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First human gene editing performed on human embryo
03 Agosto 2017, 09:27 | Faron Santos
Newly fertilized eggs before gene editing and embryos after gene editing and a few rounds of cell division. Courtesy OHSU Mitalipov lab
This gives parents full control over whether or not their child will carry a disease-associated gene, making it incorrect to think of genome editing in embryos as the only way to prevent genetic disease in kids.
These are valid points, but they don't change the fact that CRISPR-based genome editing offers not only the potential to remove defective genes but also add more desirable ones, which embryo screening does not.
But since it is possible to use preimplantation genetic diagnosis to test if in vitro fertilization embryos are carrying heterozygous mutations, Mitalipov's research would not appear to pass this threshold. They seem to have a knack when it comes to manipulating embryos.
Once the gene was removed, the embryo's own fix systems replaced them with the healthy version. The scientists made the gene edits early in the embryos' development and saw the efficiency of DNA correction go up.
The National Academy of Sciences released a report past year urging caution when using CRISPR to permanently alter inherited genes - exactly the thing done by the new study. The authors of the new study argue that their technique could be used to increase the proportion of embryos that lack potentially harmful genes. "Our expectation was that this was how embryos would respond". On the other hand, it highlights ethical dilemmas that we regularly grapple with in reproductive health. "And we need more basic research like this before we can even consider going forward". They edited them using CRISPR-Cas9 to correct the mutation. If you inherit the glitch, you have a 50% chance of passing it along to your children. Several days later, 72% of the embryos showed no sign of the mutated gene; the gene was essentially corrected in all of their cells.
The technique would need to approach 100% effectiveness to be ready for clinical trials aimed at producing pregnancies, Mitalipov said.
"We still have a long road ahead", Mitalipov said, before ever doing this in a human baby.
"One thing clear at this stage is that we shouldn't apply this technology in any shape or form toward designer babies", Wu said.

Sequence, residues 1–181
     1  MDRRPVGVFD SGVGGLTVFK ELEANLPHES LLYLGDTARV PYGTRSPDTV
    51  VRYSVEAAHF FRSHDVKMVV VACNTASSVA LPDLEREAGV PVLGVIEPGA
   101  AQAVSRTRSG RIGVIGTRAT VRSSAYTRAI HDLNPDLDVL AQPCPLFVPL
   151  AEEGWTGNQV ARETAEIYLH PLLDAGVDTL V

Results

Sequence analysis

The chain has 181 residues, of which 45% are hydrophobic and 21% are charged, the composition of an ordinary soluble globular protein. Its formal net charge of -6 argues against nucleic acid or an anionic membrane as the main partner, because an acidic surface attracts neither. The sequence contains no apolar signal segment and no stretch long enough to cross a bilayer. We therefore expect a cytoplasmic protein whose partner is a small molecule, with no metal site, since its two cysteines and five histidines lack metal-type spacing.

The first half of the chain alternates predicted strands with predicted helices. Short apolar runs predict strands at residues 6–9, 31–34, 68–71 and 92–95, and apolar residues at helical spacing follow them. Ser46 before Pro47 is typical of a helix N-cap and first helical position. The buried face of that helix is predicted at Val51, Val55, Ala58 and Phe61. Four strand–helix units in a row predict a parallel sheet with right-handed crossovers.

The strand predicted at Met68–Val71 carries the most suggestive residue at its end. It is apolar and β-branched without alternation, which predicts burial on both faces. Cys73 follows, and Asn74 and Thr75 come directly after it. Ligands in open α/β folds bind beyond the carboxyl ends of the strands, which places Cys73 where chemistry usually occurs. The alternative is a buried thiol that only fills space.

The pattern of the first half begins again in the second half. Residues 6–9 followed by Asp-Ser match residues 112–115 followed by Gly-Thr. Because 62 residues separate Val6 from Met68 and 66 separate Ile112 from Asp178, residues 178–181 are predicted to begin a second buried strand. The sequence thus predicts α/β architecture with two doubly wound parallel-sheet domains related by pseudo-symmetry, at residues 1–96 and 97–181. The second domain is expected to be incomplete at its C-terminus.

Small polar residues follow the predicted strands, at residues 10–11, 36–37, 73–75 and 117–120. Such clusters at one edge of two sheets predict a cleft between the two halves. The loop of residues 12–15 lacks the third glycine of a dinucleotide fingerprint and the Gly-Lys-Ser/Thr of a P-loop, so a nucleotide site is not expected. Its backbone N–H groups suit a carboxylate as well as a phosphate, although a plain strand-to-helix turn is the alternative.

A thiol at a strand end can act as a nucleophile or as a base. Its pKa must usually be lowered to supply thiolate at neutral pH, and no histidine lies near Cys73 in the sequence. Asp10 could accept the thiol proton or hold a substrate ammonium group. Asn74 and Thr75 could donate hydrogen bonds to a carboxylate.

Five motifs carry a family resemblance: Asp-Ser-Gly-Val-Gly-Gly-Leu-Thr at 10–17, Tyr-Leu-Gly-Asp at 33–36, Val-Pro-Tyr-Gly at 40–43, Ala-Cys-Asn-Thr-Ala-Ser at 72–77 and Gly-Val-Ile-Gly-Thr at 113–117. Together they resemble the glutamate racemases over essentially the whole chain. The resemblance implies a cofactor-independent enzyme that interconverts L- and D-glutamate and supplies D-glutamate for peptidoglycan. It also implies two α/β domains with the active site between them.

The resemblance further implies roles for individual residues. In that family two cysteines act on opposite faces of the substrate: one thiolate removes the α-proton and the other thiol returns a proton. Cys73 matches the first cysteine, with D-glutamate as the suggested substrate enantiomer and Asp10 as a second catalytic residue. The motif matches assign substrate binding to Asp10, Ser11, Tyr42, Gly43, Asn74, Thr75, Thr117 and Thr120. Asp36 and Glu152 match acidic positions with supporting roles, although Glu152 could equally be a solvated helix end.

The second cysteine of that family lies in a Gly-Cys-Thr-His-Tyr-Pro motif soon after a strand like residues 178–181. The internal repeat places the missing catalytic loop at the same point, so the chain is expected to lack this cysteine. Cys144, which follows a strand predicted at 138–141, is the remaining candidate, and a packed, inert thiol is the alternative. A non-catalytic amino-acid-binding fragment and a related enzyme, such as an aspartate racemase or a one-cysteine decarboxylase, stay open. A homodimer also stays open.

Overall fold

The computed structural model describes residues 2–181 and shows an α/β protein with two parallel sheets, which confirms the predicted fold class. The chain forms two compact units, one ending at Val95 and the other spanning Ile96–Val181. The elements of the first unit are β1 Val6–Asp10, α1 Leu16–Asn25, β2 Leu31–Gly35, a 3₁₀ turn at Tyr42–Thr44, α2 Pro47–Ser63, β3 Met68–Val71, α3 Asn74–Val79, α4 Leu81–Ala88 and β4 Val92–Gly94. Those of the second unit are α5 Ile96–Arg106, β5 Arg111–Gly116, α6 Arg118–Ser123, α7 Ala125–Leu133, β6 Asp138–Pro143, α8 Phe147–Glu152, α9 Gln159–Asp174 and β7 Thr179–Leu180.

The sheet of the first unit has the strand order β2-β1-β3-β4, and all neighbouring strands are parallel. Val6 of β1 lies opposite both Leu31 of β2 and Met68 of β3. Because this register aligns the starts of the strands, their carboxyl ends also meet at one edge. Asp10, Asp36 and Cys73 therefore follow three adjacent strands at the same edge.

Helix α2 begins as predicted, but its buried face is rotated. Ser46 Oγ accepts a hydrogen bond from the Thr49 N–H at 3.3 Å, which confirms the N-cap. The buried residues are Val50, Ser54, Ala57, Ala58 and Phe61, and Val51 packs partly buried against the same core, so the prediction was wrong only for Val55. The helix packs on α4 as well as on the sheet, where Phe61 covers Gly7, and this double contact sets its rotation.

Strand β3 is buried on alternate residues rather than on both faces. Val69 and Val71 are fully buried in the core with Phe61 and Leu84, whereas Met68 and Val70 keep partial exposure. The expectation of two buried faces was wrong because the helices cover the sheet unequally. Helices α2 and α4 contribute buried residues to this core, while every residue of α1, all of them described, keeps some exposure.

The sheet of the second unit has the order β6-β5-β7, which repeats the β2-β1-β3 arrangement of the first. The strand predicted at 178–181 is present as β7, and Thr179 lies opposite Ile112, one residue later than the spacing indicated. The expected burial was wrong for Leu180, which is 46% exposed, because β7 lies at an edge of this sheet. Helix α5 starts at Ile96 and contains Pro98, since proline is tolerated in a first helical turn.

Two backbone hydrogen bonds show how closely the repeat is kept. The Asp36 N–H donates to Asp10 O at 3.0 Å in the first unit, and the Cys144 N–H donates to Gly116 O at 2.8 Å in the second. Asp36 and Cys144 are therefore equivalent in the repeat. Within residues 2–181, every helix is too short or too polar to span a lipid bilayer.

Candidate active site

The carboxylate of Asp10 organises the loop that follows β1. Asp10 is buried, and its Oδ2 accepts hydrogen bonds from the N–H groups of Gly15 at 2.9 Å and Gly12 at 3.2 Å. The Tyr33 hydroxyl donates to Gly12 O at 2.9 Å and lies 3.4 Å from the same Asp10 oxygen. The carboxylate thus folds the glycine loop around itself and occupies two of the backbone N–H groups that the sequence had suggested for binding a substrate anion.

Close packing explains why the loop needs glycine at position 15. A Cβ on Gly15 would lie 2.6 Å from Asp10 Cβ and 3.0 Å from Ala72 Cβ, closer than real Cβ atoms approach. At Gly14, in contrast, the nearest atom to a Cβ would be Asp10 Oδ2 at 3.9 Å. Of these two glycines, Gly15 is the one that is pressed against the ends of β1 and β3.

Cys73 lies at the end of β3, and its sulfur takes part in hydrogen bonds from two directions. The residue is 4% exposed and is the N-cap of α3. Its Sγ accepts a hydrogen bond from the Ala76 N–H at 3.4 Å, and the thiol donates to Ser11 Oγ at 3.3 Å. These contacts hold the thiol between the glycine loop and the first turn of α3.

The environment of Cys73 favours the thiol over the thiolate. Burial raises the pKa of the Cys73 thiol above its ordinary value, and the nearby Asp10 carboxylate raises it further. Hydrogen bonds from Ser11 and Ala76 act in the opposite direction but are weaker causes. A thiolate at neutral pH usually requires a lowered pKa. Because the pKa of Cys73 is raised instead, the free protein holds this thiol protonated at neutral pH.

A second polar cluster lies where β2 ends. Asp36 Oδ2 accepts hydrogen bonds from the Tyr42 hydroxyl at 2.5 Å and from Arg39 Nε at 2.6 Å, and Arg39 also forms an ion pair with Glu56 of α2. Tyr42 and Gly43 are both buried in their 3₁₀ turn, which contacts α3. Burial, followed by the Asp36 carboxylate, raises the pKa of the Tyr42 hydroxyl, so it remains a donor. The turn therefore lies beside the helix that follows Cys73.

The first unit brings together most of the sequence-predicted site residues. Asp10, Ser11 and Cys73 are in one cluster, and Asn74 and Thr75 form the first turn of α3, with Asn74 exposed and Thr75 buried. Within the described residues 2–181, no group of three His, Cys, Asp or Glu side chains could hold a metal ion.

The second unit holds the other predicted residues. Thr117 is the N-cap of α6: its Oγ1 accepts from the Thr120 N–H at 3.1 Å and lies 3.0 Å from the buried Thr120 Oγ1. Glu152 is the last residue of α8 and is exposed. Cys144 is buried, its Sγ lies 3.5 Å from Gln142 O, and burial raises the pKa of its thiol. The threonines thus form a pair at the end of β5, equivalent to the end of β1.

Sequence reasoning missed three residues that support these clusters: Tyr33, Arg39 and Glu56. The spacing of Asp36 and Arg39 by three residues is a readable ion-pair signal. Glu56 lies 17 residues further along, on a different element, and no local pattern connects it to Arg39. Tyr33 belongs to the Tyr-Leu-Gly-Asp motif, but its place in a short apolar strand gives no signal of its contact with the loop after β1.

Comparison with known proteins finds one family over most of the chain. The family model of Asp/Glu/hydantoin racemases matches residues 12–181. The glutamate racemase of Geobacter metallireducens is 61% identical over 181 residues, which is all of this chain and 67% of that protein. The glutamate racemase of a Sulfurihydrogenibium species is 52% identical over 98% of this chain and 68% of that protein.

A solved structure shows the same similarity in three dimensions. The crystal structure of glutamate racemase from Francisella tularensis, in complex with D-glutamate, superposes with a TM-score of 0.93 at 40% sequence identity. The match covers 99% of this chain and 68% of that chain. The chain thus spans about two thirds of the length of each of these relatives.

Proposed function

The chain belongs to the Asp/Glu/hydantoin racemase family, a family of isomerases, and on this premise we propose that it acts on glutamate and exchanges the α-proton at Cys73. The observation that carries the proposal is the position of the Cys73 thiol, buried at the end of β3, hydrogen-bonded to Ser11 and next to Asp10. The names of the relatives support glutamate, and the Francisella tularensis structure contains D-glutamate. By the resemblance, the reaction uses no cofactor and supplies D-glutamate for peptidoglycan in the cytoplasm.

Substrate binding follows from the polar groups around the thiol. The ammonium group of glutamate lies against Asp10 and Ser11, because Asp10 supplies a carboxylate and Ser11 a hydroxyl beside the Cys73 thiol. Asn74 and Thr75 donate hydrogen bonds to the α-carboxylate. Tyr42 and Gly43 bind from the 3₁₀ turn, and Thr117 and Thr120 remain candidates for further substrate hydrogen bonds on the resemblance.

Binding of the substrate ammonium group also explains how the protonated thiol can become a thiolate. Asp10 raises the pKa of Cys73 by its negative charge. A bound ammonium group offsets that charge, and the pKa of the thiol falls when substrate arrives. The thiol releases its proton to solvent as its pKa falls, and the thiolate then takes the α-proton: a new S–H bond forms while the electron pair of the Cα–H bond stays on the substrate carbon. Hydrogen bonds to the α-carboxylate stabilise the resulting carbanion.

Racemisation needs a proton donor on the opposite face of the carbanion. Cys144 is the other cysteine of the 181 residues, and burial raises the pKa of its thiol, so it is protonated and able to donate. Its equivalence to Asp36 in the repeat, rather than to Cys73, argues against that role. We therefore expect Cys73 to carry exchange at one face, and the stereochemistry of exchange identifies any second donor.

Mitalipov says he believes gene editing could be used as a preventive tool to lower a newborn's lifetime risk of a wide range of diseases, including cancer.
"It's a correction: We have not modified anything", Mitalipov said.
Robin Lovell-Badge, group leader at the Francis Crick Institute in London, said the fact that the embryos did not use the external DNA means new methods must be developed to permit efficient DNA template-directed fix.
"This genetic mutation is one of the most common causes of cardiomyopathy", Amato says.
"This paper is not announcing the dawn of the designer baby era", says R. Alta Charo, a lawyer and bioethicist at the University of Wisconsin Law School in Madison. The team used CRISPR to correct a mutation in the gene MYBPC3, which accounts for approximately 40% of the myocardial disease hypertrophic cardiomyopathy.
Doctors and medical researchers have demonstrated that genome modification can be highly effective at treating and preventing otherwise lethal and permanent human diseases.
Greely pointed out that the applications for this technology are actually pretty narrow.
In a series of laboratory experiments reported in the journal Nature, the OR researchers tried a different approach.
Normally cells will fix a CRISPR-induced cut in DNA by essentially gluing the ends back together.
"I don't want to be negative with our own discoveries, but it is important to inform the public of what this means", he said. Currently, the United States Congress has barred the U.S. Food and Drug Administration (FDA) from considering clinical trials involving germline engineering and the National Institutes of Health (NIH) is prohibited from funding gene-editing research in human embryos.
Still, the experiment moves the idea of tinkering with genes before birth "from future fantasy to the world of possibility", said Peter Braude, an emeritus professor of obstetrics and gynecology at King's College London.
Building on previous research from other groups, in the new research Ma and colleagues improve the success rates of DNA editing by changing the timing.
But HCM is only one of more than 10,000 known heritable disorders that are caused by a single gene - many of which could potentially be stopped by editing the relevant genes in embryos during IVF treatment as more is learnt about them in the future, scientists said.
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